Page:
I won’t lie. I pretty much despise politics in all its forms, especially when it’s been force fed down my throat as much as it has been, oh, since about 2000. And even more so since the 2008 presidential race started heating up way way back in 2006.
This weekend though, a photo of Democratic presidential candidate Barack Obama riding a bike in Chicago really got me thinking. The photo surfaced on the Internet, and pundits from far and wide did their absolute best to poke fun at the dude. The Chicago Tribune knocked his low seat, while Oregon Live knocked his low air pressure. Meanwhile, The Huffington Post debated the decision to wear jeans while riding a bike. Me, I’m just glad I can somewhat relate to one of those aliens. However miniscule that relation might be.
Now granted, Barack’s outfit is very Jerry Seinfeld-ish, but I’m a Seinfeld fan, so I’ll let that slide. And I’m also of the opinion that dressing like a dork beats dressing like a dumb jock any day of the week. (Unless it’s Halloween. Then all bets are off.) Now I’m no political pundit, but I might know a thing or two about bicycles, so I’ll put my knowledge to good use and pundit-ize the Barack bike photo. Here goes.
“It looks like someone that owns a bike and rides it maybe 5-10 times a year for leisure.”
But the right to punditry isn’t my point here. I’m addressing a far bigger issue. That of shit talk. After reading the mass of shit talk regarding Barack Obama’s decision to go for a bike ride on Sunday, I was again reminded of what the Internet’s (and by extent, the media’s) evolved purpose is: to ridicule. The entire world (not just BMX) had an amazing opportunity to put this global tool of information to positive use, and instead, news outlets throughout the world hired people with opinions, asked them to hunt and gather information on the Internet, and then add their own two cents on the subject. Some call themselves ‘political pundits’; some call themselves ‘bloggers’ and some maybe use that good old-fashioned term ‘critic.’ I’m going out on a limb here and giving them a new term; digital hunter/gatherer/two-centers. But there does exist some good behind this newfound form of opportunisitic character-bashing on the Internet; it extended an (albeit hapahazard) path for me to learn more about actual stances from Barack Obama on real issues that matter to me, such as bike riding.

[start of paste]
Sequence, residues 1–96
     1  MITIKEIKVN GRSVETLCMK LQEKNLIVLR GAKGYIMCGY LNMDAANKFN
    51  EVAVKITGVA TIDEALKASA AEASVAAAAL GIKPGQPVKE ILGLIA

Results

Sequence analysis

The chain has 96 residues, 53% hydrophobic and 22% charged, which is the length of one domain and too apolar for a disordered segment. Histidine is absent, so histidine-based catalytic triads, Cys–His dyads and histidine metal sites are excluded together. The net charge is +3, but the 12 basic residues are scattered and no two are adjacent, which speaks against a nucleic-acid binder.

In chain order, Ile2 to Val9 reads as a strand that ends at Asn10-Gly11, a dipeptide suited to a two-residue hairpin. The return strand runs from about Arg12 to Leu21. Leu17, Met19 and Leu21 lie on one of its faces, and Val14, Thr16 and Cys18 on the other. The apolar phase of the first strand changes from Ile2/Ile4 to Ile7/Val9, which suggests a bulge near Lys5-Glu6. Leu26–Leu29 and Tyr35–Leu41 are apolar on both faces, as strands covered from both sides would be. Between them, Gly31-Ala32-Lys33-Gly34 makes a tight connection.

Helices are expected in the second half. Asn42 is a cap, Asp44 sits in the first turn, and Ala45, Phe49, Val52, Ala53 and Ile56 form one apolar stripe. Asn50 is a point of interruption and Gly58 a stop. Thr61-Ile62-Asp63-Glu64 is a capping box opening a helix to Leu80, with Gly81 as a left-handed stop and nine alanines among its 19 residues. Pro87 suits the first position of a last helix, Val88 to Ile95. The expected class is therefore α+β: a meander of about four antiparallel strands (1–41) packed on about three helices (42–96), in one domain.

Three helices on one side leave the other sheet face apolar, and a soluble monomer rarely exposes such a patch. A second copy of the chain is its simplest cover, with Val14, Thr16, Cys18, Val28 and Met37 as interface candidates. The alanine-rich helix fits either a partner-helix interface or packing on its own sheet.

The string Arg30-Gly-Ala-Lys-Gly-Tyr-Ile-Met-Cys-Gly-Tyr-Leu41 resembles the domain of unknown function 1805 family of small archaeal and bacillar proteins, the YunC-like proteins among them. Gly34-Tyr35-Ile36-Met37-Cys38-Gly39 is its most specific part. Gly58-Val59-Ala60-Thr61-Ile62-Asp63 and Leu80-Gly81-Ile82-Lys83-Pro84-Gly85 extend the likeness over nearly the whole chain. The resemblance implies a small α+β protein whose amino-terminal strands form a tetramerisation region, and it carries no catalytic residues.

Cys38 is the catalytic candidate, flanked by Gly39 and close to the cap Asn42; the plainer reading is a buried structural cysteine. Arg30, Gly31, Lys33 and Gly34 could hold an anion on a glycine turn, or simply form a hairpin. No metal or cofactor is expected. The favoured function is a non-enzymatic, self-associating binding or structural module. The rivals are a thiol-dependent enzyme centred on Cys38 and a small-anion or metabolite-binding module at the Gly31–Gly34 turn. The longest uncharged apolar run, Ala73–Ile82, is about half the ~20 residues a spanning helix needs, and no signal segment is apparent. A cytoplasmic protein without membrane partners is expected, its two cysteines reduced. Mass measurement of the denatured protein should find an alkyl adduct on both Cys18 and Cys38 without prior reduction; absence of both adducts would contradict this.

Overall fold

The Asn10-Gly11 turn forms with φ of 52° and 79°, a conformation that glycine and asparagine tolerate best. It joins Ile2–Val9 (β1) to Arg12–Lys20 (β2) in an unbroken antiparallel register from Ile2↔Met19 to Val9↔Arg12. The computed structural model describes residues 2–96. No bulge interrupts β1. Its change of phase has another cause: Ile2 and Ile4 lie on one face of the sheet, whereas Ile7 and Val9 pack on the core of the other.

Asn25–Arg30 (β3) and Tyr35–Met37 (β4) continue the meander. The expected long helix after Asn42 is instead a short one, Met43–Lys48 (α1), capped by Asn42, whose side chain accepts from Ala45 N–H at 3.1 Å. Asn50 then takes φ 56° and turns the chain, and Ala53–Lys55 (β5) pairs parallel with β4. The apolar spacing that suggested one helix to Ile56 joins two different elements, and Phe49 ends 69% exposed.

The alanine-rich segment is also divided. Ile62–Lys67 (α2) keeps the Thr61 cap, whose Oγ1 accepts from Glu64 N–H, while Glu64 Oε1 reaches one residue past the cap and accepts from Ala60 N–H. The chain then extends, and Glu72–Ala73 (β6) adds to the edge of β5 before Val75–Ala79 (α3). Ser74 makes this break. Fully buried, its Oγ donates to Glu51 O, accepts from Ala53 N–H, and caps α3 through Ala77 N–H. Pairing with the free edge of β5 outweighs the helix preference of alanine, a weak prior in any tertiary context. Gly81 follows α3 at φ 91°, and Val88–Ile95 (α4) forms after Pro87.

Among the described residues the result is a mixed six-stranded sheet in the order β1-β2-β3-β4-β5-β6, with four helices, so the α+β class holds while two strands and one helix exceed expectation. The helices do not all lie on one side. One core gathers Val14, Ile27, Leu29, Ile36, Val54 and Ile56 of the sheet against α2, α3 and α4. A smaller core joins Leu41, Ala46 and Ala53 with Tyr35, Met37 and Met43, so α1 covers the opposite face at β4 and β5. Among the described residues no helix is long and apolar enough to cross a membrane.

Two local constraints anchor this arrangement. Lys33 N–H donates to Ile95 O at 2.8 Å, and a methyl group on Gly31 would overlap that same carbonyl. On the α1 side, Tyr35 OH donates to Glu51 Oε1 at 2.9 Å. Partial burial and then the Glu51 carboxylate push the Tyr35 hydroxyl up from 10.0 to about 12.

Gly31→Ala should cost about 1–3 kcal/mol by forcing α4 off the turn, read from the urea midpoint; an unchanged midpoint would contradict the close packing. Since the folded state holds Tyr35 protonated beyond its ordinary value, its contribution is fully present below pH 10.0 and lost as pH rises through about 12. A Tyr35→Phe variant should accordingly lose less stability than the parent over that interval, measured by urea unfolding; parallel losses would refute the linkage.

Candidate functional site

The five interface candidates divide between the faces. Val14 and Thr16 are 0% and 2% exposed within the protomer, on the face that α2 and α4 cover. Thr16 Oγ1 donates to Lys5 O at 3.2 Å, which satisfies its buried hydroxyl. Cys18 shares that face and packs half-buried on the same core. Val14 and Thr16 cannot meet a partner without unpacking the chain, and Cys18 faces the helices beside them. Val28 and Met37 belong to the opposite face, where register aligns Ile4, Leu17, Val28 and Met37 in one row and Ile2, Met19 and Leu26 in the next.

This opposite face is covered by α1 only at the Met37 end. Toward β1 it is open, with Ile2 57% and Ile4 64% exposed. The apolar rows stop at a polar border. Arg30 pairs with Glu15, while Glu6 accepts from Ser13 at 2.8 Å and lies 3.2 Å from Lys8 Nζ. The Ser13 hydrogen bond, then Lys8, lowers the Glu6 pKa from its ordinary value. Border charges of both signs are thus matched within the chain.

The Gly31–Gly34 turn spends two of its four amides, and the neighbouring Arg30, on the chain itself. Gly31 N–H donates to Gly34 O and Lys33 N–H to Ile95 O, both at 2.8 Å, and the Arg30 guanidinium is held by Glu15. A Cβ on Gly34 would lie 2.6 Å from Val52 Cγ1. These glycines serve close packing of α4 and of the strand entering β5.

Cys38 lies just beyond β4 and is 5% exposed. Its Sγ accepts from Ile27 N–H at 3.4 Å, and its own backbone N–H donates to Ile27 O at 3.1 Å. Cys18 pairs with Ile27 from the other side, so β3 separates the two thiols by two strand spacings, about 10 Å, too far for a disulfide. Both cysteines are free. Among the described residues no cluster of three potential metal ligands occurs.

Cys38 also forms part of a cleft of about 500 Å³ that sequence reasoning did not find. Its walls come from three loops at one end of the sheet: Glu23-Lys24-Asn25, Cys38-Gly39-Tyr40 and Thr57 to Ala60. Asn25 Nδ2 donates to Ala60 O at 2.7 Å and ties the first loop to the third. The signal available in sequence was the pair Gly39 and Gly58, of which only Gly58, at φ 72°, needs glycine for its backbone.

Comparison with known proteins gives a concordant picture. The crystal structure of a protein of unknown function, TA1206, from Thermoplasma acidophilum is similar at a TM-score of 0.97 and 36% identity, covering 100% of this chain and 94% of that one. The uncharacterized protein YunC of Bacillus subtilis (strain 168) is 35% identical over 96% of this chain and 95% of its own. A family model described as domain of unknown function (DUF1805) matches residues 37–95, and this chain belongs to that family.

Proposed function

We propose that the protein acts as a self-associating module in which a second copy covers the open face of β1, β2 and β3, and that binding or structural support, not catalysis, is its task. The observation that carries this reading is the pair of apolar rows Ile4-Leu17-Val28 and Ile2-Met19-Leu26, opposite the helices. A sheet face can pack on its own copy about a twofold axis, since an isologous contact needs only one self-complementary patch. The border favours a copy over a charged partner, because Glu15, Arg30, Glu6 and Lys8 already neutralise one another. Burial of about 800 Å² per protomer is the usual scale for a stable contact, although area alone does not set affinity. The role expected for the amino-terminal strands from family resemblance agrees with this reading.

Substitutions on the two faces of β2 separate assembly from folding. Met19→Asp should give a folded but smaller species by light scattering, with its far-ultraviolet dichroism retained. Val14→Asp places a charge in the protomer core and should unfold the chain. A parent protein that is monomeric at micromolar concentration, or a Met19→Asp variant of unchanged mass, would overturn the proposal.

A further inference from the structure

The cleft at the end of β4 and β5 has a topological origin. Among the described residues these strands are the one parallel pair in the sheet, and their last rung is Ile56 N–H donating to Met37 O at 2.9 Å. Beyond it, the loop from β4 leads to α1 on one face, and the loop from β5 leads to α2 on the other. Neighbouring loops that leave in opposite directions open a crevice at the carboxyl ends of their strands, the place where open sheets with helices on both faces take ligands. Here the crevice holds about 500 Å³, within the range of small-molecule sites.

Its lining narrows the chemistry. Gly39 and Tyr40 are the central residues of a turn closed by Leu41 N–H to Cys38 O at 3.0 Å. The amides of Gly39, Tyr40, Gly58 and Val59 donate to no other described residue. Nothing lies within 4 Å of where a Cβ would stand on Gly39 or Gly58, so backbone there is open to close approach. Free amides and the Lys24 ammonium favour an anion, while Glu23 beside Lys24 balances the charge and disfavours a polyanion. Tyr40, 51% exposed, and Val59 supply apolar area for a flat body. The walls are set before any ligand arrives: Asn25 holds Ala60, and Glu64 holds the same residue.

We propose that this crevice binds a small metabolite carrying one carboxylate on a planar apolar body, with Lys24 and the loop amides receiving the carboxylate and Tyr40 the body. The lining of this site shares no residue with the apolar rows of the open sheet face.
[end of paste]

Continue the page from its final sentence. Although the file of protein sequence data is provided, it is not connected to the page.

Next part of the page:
Did you know that Barack Obama is the only presidential candidate to encourage bicycle transportation? Neither did I. It’s part of his energy platform. He’s a supporter of bicycling and mass transit. Here’s the direct quote: “As president, Barack Obama will re-evaluate the transportation funding process to ensure that smart growth considerations are taken into account. Obama will build upon his efforts in the Senate to ensure that more Metropolitan Planning Organizations create policies to incentivize greater bicycle and pedestrian usage of roads and sidewalks, and he will also re-commit federal resources to public mass transportation projects across the country. Building more livable and sustainable communities will not only reduce the amount of time individuals spent commuting, but will also have significant benefits to air quality, public health and reducing greenhouse gas emissions.”
So he’s pro-bike, and on occasion, he might look a little goofy while riding his bike. I can sure as hell relate to both of those. Thanks in part to the hunter/gatherer/two-centers for filling me in, however haphazardly it might have happened…